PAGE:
Every day, all over the world, USAID brings peace to those who endure violence, health to those who struggle with sickness, and prosperity to those who live in poverty. It is these individuals — these uncounted thousands of lives — that are the true measure of USAID’s successes and the true face of USAID's programs.
Anyone who was in Sarajevo the night the team came home has witnessed the power of sport to unite the people of BiH. More than 50,000 people took to the streets in Sarajevo and throughout the country to celebrate the victory of their national youth basketball team.
The escalation of violence after the disputed 2010 presidential elections led to the worst humanitarian crisis in Côte d'Ivoire's history. Violence devastated families across the country, with an estimated 3,000 deaths, numerous arrests and hundreds of thousands forced to flee as internally displaced persons or refugees.
A natural disaster is 30 times more likely to occur in the Pacific Islands than in the United States. Floods, droughts, tropical cyclones and other extreme weather events have forced people to cope with the devastating effects of a changing climate. Many of the region’s villages have not developed formal disaster response training, leaving families unprepared to survive catastrophic events.
The program is designed to reduce the time and cost of establishing youth farm startups and help small producers increase their profits by diversifying their agricultural products. A majority of farmers in the region concentrate on grains, which bring less revenue per hectare than vegetables.
Each time a case of sesame seeds left the Barakat Bazr factory in Herat, Masood* knew that it was a lost opportunity. The seeds were sold unprepared, making them 40 percent cheaper at just $1,350 per metric ton.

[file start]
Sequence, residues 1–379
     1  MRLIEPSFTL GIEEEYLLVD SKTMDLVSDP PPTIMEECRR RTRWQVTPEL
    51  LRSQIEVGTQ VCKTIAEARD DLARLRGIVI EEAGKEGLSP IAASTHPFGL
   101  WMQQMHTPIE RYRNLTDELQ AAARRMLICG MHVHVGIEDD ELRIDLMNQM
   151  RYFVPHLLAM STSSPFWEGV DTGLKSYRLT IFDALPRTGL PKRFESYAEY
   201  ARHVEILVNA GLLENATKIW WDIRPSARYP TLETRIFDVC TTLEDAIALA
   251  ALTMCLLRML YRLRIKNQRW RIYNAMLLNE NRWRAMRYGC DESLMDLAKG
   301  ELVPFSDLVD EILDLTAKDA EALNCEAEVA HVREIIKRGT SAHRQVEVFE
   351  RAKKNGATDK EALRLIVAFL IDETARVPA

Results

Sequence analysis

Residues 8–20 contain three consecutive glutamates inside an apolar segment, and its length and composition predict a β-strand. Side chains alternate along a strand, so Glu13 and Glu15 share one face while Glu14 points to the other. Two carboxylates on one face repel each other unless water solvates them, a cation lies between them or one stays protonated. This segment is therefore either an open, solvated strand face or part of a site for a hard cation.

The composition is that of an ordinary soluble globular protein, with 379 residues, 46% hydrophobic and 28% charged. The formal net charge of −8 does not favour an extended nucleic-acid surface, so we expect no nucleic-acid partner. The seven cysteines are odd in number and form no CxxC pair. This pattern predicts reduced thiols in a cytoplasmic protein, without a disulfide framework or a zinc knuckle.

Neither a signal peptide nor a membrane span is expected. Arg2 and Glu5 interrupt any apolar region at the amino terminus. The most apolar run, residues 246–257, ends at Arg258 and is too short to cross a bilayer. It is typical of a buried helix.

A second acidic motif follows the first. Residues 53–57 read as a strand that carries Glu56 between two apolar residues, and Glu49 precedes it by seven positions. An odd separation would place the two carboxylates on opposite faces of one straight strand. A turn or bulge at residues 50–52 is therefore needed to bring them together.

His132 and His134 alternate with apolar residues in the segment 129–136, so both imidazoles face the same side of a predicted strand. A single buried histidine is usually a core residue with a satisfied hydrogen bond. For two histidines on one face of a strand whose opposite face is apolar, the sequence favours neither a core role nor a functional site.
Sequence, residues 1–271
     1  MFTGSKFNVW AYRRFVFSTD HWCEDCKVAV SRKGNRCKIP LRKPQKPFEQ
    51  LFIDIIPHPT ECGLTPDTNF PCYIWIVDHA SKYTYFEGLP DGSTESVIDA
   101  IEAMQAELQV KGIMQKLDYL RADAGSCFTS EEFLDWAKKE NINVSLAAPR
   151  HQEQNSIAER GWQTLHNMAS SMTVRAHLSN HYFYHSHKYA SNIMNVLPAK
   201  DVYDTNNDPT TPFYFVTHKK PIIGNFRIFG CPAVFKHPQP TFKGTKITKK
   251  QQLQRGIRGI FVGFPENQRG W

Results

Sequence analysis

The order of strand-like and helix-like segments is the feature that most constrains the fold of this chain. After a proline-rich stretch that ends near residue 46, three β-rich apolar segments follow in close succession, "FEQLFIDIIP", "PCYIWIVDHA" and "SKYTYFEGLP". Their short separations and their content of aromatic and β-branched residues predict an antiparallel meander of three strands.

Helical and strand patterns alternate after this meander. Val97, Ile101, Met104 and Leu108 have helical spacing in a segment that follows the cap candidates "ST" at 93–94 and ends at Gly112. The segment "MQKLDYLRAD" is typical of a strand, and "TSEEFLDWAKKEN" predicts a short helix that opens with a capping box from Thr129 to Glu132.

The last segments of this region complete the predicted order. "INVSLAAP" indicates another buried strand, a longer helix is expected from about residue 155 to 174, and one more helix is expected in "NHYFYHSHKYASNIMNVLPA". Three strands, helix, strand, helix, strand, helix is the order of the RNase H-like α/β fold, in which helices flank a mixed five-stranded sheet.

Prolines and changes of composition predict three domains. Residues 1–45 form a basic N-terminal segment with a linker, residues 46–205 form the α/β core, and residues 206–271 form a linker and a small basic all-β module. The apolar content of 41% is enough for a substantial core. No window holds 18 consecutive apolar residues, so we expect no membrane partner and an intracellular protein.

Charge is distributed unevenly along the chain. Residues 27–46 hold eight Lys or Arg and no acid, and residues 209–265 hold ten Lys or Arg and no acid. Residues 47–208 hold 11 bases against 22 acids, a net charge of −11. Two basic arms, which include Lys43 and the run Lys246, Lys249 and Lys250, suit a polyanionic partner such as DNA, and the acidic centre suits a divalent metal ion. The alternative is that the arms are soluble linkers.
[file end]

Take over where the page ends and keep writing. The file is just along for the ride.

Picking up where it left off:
The Peace Through Sports project, led by the American University of Nigeria with support from USAID’s Office of Transition Initiatives, has been hosting a six-month sports tournament to recognize and build youth self-esteem, resilience and tolerance. Youth participants, diverse in geographic origin, attend local secondary schools or were identified as vulnerable to violent extremism. Over 1,500 local youth from the northeastern state of Adamawa have been competing on 104 soccer, basketball and volleyball teams.
Looking back, it is clear that a lack of understanding of the electoral process and the regulations governing the elections by the youth in these neighborhoods contributed greatly to the violence. This lack of knowledge on their civic rights and responsibilities made them vulnerable to manipulation to perpetrate acts of violence. With the next presidential elections on Oct. 25, 2015, many feared that the situation could repeat itself if nothing was done.
For the June 2014 National Assembly elections, USAID, through its Increasing Inclusion and Mitigating Violence in Electoral Processes project, fielded 230 PwD to monitor access in all facets of the electoral process. This included not just voting on Election Day, an achievement in itself, but a landmark program—the first of its kind in the world—to also monitor the preceding political campaigns. The project is implemented in partnership with the International Foundation for Electoral Systems and two local organizations, HandiKOS and the Kosovo Democratic Institute.
Alban Koçi was teaching a classroom-based legal clinic course for years at the University of Tirana’s Law Faculty, and yet he says his students time and again expressed the desire to improve their skills and knowledge with hands-on experience—a desire he too shared. In fact, legal education in Albania is characterized as based on overly theoretical curricula and rote learning. As a result, law school graduates come out of schools and join the legal profession with little or no practical skills.
Last updated: January 05, 2015